Alfonso Cuarón Got ‘Confused’ by ‘Harry Potter’ Director Offer and Found It ‘Really Weird,’ Then Guillermo del Toro Called Him an ‘Arrogant A–hole’

Alfonso Cuarón marked the 20th anniversary of his film “Harry Potter and the Prisoner of Azkaban” with a new interview in Total Film magazine, in which he admitted that he felt totally strange when Warner Bros. called to offer him the chance to direct the third “Harry Potter” movie. Chris Columbus was stepping aside from the director’s chair after helming “Sorcerer’s Stone” and “Chamber of Secrets,” but the Mexican director behind the erotic road trip drama “Y Tu Mamá También” didn’t exactly scream “Harry Potter.”

“I was confused because it was completely not on my radar,” Cuarón said. “I speak often with Guillermo [del Toro], and a couple of days after, I said, ‘You know, they offered me this Harry Potter film, but it’s really weird they offer me this.'”

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Del Toro realized what an opportunity the “Harry Potter” franchise was, so he gave his longtime friend and fellow director some tough love: “He said, ‘Wait, wait, wait, you said you haven’t read Harry Potter?’ I said, ‘I don’t think it’s for me.’ In very florid lexicon, in Spanish, he said, ‘You are an arrogant asshole.'”

Del Toro’s words were even more harsh. As Cuarón revealed at the Telluride Film Festival in 2018, del Toro actually launched into a tirade and said: “Fuckin’ skinny, you’re such a fuckin’ arrogant bastard. You are going right now to the fuckin’ bookshop and get the books and you’re going to read them and you call me right away.”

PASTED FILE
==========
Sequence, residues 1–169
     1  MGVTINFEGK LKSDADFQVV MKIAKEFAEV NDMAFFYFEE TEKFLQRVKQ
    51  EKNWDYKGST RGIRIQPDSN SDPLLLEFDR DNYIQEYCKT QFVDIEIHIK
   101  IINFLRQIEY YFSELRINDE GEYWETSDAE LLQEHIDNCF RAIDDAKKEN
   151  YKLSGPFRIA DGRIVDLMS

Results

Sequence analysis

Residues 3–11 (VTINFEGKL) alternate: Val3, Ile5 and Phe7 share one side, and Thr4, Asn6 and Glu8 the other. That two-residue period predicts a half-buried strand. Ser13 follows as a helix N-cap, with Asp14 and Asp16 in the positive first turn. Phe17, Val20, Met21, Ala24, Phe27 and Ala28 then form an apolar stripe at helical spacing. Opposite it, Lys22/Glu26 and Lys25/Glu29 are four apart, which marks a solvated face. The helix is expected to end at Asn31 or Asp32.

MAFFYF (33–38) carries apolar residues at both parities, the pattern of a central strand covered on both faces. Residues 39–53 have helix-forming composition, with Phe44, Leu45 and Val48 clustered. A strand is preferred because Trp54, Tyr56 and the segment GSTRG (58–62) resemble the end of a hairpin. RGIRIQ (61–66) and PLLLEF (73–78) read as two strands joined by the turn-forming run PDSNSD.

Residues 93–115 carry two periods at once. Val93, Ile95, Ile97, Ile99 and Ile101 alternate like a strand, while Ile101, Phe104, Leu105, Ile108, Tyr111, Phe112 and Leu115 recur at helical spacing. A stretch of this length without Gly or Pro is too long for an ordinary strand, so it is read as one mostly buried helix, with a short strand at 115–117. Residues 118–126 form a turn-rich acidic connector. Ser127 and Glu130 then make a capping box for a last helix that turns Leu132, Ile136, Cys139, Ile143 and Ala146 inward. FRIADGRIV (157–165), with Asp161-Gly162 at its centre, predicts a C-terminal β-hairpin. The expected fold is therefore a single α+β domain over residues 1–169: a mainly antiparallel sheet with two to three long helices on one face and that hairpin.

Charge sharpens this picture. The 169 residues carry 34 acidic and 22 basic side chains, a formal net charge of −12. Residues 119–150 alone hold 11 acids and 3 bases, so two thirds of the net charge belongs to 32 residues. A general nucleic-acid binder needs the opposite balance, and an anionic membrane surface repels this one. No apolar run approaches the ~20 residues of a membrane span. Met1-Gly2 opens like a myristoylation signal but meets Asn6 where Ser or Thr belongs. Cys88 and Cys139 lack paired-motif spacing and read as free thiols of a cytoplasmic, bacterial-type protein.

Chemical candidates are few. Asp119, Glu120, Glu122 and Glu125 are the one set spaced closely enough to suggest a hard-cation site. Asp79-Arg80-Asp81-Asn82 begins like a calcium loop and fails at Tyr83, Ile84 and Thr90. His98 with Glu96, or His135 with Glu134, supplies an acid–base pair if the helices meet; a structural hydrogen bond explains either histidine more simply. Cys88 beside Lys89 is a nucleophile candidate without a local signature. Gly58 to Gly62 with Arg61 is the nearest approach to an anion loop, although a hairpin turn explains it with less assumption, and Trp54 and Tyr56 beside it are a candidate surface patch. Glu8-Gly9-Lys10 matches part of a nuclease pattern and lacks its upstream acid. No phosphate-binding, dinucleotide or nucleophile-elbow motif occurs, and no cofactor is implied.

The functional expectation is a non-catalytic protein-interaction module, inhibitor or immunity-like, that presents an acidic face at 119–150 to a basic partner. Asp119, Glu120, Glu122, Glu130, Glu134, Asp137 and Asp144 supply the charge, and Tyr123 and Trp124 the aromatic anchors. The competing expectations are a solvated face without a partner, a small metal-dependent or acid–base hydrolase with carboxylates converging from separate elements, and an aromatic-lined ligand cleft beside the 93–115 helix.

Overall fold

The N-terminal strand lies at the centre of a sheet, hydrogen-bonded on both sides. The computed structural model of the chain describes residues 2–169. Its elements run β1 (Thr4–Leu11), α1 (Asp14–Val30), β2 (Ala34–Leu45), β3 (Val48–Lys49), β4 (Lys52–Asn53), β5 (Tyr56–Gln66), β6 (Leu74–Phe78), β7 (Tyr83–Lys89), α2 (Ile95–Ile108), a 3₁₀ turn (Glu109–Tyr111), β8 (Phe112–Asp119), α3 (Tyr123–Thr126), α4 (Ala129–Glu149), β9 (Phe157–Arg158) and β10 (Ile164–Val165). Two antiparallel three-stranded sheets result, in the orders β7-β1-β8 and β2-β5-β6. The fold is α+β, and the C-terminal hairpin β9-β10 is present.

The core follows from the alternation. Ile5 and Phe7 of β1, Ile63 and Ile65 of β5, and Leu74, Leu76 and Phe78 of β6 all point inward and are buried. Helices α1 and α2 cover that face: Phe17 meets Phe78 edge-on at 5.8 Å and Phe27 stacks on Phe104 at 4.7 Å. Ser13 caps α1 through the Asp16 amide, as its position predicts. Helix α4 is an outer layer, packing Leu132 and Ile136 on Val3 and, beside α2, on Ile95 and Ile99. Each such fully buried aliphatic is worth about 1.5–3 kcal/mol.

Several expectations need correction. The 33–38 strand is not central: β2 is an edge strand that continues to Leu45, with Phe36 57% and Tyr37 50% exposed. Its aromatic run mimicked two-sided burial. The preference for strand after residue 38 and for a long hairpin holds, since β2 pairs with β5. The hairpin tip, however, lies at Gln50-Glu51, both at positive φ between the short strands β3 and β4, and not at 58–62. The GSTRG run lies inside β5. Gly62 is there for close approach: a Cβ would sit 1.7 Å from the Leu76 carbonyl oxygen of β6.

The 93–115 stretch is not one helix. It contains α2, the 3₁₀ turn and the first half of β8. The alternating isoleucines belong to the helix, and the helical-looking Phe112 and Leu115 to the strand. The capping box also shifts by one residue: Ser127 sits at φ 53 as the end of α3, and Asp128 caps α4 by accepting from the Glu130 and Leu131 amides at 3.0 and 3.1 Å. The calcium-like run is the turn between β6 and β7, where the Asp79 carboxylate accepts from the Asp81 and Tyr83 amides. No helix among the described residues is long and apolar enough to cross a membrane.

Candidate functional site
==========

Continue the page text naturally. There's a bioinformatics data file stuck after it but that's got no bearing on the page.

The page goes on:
“When he talks to you like that, well, you have to go to the bookshop,” Cuarón admitted, adding that he quickly fell in love with the series after reading the books. “I called [del Toro] and said, ‘Well the material’s really great.’ He says, “Well, you see you fuckin’…,’ I mean, it’s just untranslatable from the Spanish.”

Speaking to Total Film to mark the movie’s 20th anniversary, franchise producer David Heyman said he just had a hunch that Cuarón was the right person for the job even if on paper it was a strange choice.

“I’d seen ‘Y Tu Mamá También,’ which I loved, and I oddly thought he’d be the perfect director for the third ‘Potter,'” Heyman said. “That’s not what some might think. Can you imagine what some thought Harry, Ron and Hermione would get up to? ‘Y Tu Mamá’ was about the last moments of being a teenager, and ‘Azkaban’ was about the first moments of being a teenager. I felt he could make the show feel, in a way, more contemporary. And just bring his cinematic wizardry.”

“Harry Potter and the Prisoner of Azkaban” opened in the U.K. on May 21, 2004 and hit U.S. theaters on June 4, 2004. Reviews for the film were outstanding and it went on to gross $804 million at the worldwide box office.

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